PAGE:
Silas gave Bod a quest—to find each of the twenty-six letters in the graveyard—and Bod finished it, proudly, with the discovery of Ezekiel Ulmsley’s stone, built into the side of the wall in the old chapel. His guardian was pleased with him.

Every day Bod would take his paper and crayons into the graveyard and he would copy names and words and numbers as best he could, and each night, before Silas would go off into the world, Bod would make Silas explain to him what he had written, and make him translate the snatches of Latin which had, for the most part, baffled the Owenses.

A sunny day: bumblebees explored the wildflowers that grew in the corner of the graveyard, dangling from the gorse and the bluebells, droning their deep lazy buzz, while Bod lay in the spring sunlight watching a bronze-colored beetle wandering across the stone of Geo. Reeder, his wife, Dorcas, and their son Sebastian (Fidelis ad Mortem). Bod had copied down their inscription and now he was only thinking about the beetle when somebody said, “Boy? What’re you doing?”

Bod looked up. There was someone on the other side of the gorse bush, watching him.

“Nuffing,” said Bod. He stuck out his tongue.

The face on the other side of the gorse bush crumpled into a gargoyle, tongue sticking out, eyes popping, then returned to girl.

“That was good,” said Bod, impressed.

“I can make really good faces,” said the girl. “Look at this one.” She pushed her nose up with one finger, creased her mouth into a huge, satisfied smile, squinted her eyes, puffed out her cheeks. “Do you know what that was?” “No.”

“It was a pig, silly.”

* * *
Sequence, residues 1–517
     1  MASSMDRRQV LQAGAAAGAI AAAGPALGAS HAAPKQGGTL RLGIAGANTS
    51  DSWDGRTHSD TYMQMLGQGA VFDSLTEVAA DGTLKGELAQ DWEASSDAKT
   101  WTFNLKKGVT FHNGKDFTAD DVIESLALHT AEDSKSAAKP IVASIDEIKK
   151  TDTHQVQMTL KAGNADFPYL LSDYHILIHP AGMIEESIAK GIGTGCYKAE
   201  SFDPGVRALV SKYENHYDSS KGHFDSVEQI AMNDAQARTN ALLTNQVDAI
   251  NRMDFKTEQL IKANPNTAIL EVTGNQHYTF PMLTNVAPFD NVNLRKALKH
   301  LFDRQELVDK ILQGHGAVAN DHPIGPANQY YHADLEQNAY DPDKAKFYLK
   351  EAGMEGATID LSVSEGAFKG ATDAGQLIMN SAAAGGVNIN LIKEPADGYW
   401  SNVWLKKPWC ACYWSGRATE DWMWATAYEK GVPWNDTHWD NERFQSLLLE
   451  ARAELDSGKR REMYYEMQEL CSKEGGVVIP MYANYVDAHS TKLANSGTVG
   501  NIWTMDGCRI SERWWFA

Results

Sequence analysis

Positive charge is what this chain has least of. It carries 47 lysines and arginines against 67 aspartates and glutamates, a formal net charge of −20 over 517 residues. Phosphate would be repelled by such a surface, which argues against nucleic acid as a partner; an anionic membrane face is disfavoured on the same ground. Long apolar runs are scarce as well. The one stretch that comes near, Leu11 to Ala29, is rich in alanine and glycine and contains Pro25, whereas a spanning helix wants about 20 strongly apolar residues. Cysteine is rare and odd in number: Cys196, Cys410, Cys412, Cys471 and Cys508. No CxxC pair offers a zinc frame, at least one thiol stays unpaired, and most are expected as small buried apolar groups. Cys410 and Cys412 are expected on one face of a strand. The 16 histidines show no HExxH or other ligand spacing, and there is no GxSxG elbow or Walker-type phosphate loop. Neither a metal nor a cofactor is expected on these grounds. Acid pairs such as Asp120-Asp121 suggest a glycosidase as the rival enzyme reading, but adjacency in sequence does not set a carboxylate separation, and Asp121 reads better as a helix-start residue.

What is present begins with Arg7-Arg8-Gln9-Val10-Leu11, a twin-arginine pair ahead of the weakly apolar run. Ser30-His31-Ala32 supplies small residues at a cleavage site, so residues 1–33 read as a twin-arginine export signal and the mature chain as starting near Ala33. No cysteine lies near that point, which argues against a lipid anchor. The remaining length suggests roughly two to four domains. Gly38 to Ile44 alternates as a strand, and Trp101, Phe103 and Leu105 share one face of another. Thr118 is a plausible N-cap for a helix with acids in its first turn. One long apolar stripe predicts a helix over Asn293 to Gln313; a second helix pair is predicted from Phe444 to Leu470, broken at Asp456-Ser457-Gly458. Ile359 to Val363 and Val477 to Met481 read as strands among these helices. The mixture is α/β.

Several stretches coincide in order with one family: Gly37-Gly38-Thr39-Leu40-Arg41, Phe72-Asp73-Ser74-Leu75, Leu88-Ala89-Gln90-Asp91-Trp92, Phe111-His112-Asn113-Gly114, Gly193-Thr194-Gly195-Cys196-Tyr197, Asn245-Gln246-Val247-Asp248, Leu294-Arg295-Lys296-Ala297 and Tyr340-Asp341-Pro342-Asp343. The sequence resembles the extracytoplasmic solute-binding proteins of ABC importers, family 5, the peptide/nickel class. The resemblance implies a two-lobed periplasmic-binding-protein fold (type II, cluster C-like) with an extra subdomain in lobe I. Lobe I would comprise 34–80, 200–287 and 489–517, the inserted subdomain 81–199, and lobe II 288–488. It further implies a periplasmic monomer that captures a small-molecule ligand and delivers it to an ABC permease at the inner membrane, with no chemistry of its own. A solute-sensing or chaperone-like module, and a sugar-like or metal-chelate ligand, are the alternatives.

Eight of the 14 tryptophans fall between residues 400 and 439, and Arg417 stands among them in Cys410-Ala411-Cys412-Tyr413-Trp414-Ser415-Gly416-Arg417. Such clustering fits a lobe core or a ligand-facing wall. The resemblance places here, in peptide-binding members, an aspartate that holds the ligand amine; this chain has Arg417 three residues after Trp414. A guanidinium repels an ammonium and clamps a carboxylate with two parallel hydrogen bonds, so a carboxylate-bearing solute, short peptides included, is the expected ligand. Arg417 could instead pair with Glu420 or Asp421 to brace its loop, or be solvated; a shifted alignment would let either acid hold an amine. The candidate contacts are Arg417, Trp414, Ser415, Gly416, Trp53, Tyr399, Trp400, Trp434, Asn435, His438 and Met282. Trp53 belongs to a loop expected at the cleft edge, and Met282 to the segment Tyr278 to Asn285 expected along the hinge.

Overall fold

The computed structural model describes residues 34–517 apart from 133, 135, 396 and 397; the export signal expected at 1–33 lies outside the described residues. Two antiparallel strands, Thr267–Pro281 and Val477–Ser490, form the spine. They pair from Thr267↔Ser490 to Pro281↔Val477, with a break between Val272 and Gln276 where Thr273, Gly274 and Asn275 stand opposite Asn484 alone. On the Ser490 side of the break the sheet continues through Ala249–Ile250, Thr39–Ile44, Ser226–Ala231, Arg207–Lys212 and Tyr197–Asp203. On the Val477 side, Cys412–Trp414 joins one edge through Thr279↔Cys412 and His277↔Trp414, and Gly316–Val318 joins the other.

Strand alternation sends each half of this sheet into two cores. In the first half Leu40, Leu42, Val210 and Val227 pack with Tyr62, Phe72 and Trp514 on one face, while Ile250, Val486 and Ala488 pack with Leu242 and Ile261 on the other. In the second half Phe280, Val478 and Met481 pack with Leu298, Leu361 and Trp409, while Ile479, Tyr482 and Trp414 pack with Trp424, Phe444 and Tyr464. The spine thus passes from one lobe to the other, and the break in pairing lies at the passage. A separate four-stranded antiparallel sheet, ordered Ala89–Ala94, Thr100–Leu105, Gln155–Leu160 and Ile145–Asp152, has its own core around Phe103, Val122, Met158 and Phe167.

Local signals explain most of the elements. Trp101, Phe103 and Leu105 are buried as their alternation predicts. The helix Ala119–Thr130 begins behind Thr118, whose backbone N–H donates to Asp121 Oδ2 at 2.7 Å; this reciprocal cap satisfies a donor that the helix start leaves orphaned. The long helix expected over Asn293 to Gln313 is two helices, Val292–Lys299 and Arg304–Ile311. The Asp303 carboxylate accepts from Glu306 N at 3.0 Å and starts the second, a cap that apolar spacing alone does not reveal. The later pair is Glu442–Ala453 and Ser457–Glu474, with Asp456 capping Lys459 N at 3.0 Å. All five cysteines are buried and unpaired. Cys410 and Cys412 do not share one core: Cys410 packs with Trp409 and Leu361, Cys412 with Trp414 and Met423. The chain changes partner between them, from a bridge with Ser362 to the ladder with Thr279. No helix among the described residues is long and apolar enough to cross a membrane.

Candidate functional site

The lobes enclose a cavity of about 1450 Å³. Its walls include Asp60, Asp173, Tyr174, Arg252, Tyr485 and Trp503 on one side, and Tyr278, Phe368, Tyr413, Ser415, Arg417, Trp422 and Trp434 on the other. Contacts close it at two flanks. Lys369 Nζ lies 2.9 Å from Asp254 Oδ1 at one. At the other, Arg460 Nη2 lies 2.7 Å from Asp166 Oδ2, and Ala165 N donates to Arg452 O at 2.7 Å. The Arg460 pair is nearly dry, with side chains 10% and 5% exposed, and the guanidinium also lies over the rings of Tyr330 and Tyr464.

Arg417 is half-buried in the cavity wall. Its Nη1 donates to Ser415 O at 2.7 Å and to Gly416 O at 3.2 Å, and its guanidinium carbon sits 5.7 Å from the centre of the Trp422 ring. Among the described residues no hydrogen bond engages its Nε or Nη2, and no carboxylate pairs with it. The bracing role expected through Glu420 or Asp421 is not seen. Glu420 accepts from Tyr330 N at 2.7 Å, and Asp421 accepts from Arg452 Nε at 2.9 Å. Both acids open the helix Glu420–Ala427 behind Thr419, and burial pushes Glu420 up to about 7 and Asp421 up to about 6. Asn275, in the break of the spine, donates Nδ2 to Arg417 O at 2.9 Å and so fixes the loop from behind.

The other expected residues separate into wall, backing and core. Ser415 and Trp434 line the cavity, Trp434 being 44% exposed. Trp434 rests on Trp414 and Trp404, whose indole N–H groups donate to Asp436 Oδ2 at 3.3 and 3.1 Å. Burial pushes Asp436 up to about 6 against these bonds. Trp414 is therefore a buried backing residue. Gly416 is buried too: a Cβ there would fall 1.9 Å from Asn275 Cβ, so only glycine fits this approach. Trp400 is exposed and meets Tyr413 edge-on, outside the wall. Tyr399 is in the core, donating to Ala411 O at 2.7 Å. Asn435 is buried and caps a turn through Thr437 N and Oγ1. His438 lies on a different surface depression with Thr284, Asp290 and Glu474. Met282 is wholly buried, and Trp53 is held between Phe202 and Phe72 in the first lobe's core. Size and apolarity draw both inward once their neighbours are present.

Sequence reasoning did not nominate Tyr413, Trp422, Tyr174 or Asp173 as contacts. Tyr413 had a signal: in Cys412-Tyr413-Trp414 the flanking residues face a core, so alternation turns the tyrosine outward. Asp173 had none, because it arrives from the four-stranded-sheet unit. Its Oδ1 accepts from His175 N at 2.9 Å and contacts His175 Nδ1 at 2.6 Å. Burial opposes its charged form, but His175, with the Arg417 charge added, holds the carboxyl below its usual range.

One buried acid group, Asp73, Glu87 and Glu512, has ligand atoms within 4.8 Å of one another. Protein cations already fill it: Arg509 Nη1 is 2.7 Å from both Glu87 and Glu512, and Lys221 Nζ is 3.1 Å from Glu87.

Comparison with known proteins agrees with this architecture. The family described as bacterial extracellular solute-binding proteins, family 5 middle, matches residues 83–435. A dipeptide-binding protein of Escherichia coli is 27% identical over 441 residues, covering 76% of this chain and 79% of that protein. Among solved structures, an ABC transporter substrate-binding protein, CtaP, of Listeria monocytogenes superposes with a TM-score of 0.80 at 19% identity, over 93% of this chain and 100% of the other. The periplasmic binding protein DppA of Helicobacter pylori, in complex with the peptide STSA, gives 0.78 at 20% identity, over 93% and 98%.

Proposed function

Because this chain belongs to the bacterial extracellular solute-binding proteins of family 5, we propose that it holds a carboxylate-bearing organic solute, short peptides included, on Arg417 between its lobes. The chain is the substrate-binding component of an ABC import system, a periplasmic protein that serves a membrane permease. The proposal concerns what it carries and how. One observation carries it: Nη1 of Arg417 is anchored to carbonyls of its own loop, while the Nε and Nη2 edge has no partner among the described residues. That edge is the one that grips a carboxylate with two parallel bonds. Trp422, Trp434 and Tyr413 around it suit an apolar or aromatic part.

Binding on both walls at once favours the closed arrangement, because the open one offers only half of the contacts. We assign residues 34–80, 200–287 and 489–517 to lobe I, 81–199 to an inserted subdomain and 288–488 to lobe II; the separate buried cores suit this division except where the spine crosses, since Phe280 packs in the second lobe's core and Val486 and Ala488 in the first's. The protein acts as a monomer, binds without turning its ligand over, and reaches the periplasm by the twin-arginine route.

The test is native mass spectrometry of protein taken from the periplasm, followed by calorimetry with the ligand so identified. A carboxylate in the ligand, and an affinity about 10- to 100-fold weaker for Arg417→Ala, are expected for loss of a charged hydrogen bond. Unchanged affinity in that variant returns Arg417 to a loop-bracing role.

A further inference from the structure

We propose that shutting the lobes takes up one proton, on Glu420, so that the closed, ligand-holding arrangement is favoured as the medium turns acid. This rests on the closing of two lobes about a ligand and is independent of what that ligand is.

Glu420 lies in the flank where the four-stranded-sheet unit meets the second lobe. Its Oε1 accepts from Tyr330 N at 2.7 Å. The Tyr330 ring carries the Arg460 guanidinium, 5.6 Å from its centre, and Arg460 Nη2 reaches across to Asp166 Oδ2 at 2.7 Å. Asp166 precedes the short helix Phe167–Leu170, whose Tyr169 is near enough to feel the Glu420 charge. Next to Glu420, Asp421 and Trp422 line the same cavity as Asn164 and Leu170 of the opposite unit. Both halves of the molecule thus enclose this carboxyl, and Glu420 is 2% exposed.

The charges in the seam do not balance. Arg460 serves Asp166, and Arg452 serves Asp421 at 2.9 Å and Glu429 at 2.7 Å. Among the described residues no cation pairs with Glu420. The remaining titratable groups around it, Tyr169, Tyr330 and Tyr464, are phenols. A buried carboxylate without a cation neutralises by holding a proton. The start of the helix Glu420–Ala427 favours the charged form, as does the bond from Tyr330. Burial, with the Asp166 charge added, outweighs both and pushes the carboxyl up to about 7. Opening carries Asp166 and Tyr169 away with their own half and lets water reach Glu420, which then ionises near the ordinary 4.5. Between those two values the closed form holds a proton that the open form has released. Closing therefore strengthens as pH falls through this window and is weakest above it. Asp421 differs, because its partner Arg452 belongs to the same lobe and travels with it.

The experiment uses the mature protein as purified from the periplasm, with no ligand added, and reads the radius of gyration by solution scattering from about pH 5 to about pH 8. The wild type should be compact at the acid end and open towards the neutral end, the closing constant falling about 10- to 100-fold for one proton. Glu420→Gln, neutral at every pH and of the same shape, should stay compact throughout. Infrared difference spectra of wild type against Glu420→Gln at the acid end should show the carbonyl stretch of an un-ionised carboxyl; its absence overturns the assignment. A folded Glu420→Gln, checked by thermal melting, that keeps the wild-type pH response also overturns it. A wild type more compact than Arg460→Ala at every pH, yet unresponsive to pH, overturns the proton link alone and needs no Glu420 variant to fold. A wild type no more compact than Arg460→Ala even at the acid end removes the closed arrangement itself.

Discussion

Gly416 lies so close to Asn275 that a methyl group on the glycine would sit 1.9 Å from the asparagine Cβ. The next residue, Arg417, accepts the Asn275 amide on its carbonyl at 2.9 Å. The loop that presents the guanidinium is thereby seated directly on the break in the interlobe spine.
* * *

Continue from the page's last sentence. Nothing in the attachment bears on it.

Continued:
“Oh.” Bod thought. “You mean, like P is for Pig?”

“Of course like that. Hang on.”

She came around the gorse bush and stood next to Bod, who got to his feet. She was a little older than he was, a little taller, and was dressed in bright colors, yellow and pink and orange. Bod, in his grey winding sheet, felt dowdy and drab.

“How old are you?” said the girl. “What are you doing here? Do you live here? What’s your name?”

“I don’t know,” said Bod.

“You don’t know your name?” said the girl. “’Course you do. Everybody knows their own name. Fibber.”

“I know my name,” said Bod. “And I know what I’m doing here. But I don’t know the other thing you said.” “How old you are?”

Bod nodded.

“Well,” said the girl, “what was you when you was last birthday?”

“I didn’t,” said Bod. “I never was.”

“Everybody gets birthdays. You mean you never had cake or candles or stuff?”

Bod shook his head. The girl looked sympathetic. “Poor thing. I’m five. I bet you’re five too.”

Bod nodded enthusiastically. He was not going to argue with his new friend. She made him happy.

Her name was Scarlett Amber Perkins, she told him, and she lived in a flat with no garden. Her mother was sitting on a bench by the chapel at the bottom of the hill, reading a magazine, and she had told Scarlett to be back in half an hour, and to get some exercise, and not to get into trouble or talk to strangers.

“I’m a stranger,” pointed out Bod.

“You’re not,” she said, definitely. “You’re a little boy.” And then she said, “And you’re my friend. So you can’t be a stranger.” Bod smiled rarely, but he smiled then, hugely and with delight. “I’m your friend,” he said.